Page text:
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AP source: Hackers pierce system that runs Nasdaq

- Associated Press - Saturday, February 5, 2011

WASHINGTON (AP) - A federal government official tells The Associated Press that investigators are trying to identify computer hackers who have repeatedly broken into the network of the company that runs the Nasdaq Stock Market.

The official says that the hackers haven't compromised the exchange's trading platform and that investigators are looking into a range of possible motives for the cyberattacks _ from financial gain to a national security threat.

The official spoke on condition of anonymity because the inquiry by the FBI and Secret Service is continuing.

The official says the penetrations occurred over the course of more than a year.

The Wall Street Journal first reported on the hacking.

THIS IS A BREAKING NEWS UPDATE. Check back soon for further information. AP's earlier story is below.

The computer network that runs the Nasdaq Stock Market has been penetrated by hackers multiple times during the past year, according to a newspaper report.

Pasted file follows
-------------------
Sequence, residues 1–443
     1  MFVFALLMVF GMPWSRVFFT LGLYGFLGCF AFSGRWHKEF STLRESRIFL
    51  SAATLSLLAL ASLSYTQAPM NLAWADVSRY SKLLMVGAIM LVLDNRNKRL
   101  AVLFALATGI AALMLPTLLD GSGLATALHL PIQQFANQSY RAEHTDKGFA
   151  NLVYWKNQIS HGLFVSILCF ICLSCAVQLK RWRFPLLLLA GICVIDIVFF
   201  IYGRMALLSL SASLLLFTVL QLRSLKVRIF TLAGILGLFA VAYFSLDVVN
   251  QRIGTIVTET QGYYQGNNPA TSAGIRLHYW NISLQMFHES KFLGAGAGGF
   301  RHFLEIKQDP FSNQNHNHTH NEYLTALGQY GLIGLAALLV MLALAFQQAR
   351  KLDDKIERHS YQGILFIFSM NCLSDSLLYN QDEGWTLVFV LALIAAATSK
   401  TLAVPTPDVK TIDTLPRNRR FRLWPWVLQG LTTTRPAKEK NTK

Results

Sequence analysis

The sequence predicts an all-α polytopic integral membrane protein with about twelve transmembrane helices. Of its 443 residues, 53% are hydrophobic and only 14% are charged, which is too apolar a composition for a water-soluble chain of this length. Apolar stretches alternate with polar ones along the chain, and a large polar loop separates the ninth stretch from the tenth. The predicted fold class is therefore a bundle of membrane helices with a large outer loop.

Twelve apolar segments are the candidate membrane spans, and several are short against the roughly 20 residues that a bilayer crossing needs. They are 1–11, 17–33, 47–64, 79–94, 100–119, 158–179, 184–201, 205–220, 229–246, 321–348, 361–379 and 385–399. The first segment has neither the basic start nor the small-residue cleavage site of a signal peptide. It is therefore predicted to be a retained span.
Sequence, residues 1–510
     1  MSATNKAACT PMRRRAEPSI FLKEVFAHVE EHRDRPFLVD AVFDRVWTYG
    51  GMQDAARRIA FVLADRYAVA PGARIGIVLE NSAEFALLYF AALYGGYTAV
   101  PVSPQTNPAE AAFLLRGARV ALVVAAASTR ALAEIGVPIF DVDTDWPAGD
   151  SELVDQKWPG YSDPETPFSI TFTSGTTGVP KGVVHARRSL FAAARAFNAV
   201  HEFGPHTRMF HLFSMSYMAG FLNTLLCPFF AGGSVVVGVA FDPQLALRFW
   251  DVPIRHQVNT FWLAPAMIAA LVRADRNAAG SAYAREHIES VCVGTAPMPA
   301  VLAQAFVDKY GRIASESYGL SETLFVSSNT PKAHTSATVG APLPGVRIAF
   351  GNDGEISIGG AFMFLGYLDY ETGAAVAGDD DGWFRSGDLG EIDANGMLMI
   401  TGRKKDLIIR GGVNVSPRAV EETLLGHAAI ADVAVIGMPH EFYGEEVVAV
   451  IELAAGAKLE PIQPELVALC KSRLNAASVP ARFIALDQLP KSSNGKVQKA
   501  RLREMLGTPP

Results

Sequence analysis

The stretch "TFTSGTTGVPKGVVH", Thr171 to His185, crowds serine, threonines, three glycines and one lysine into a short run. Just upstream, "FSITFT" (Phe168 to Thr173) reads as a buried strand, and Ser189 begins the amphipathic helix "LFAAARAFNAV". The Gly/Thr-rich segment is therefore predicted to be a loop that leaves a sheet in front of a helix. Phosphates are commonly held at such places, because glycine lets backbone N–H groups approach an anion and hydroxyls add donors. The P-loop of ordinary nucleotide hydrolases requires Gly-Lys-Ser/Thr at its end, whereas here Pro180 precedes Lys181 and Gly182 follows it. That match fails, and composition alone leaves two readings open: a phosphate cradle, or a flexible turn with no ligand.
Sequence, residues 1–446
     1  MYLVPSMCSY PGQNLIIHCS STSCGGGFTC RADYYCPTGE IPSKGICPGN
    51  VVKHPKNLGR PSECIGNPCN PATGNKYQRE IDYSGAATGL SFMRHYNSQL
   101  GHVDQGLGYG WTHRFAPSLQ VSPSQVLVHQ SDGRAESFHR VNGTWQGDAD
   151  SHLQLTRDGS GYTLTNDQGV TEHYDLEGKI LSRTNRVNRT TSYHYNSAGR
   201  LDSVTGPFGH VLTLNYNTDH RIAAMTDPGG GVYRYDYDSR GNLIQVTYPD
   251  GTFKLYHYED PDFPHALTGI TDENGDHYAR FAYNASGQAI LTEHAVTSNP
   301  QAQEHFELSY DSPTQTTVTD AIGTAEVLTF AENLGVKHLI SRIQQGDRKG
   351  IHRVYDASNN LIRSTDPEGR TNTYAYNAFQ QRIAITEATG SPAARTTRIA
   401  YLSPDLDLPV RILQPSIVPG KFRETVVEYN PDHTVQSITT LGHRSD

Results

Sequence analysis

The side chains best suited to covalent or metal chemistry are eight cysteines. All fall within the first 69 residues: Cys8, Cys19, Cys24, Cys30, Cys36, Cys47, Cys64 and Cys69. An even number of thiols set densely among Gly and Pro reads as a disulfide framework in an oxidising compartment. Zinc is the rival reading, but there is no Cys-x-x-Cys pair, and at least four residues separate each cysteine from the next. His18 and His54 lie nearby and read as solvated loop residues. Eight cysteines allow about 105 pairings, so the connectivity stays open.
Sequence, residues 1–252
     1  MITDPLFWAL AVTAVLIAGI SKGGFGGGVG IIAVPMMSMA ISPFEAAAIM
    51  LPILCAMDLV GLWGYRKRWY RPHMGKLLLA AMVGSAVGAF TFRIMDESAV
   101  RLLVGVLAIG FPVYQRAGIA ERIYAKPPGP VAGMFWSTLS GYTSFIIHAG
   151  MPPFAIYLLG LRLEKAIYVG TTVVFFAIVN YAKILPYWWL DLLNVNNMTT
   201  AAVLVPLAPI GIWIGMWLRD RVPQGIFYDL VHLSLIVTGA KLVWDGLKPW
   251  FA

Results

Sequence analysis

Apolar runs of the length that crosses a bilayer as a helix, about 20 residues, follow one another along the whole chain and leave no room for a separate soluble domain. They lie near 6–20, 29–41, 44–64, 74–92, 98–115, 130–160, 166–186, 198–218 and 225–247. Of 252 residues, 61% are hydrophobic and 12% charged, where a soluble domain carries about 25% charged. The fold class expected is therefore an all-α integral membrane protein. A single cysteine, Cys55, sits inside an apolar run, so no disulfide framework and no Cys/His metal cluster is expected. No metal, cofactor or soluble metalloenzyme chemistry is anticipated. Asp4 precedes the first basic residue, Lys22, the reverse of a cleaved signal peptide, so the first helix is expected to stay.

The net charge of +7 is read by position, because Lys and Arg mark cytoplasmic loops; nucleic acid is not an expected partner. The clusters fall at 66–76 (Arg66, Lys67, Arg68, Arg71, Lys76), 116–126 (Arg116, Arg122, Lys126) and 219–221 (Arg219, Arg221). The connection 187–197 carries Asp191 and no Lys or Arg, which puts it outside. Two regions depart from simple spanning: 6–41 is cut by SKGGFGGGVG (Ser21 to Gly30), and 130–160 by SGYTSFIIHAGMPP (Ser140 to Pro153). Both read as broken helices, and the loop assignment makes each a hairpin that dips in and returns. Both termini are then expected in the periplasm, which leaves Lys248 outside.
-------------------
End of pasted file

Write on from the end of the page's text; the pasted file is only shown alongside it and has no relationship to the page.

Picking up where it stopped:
The Wall Street Journal reported on its website late Friday that federal investigators are trying to identify the perpetrators and their motive.

People familiar with the investigation say the exchange's trading platform, the system which executes trades, was not compromised, according to the report.

A person involved in the Nasdaq investigation told the newspaper that so far the perpetrators "appear to have just been looking around."

Nasdaq officials declined to comment. A telephone message left with the FBI's office in New York was not immediately returned.

Possible motives include financial gain, theft of trade secrets or a national security threat designed to damage the exchange, the newspaper said.

The Secret Service initiated the probe involving New York-based Nasdaq OMX Group Inc. last year. White House officials also have been informed.

Investigators have not yet been able to track the cyber break-ins to any specific individual or country, but people with knowledge of the case told the newspaper some evidence points to Russia. However, they point out that hackers could be just using Russia as a conduit.

In 1999, a group of hackers calling itself "United Loan Gunmen" infiltrated the computer that runs the websites for Nasdaq and the American Stock Exchange.

The hackers left a taunting message and also claimed to have briefly created for itself an e-mail account on Nasdaq's computer system, suggesting a broader breach in security. But at the time, Nasdaq officials said there was no evidence they manipulated financial data.

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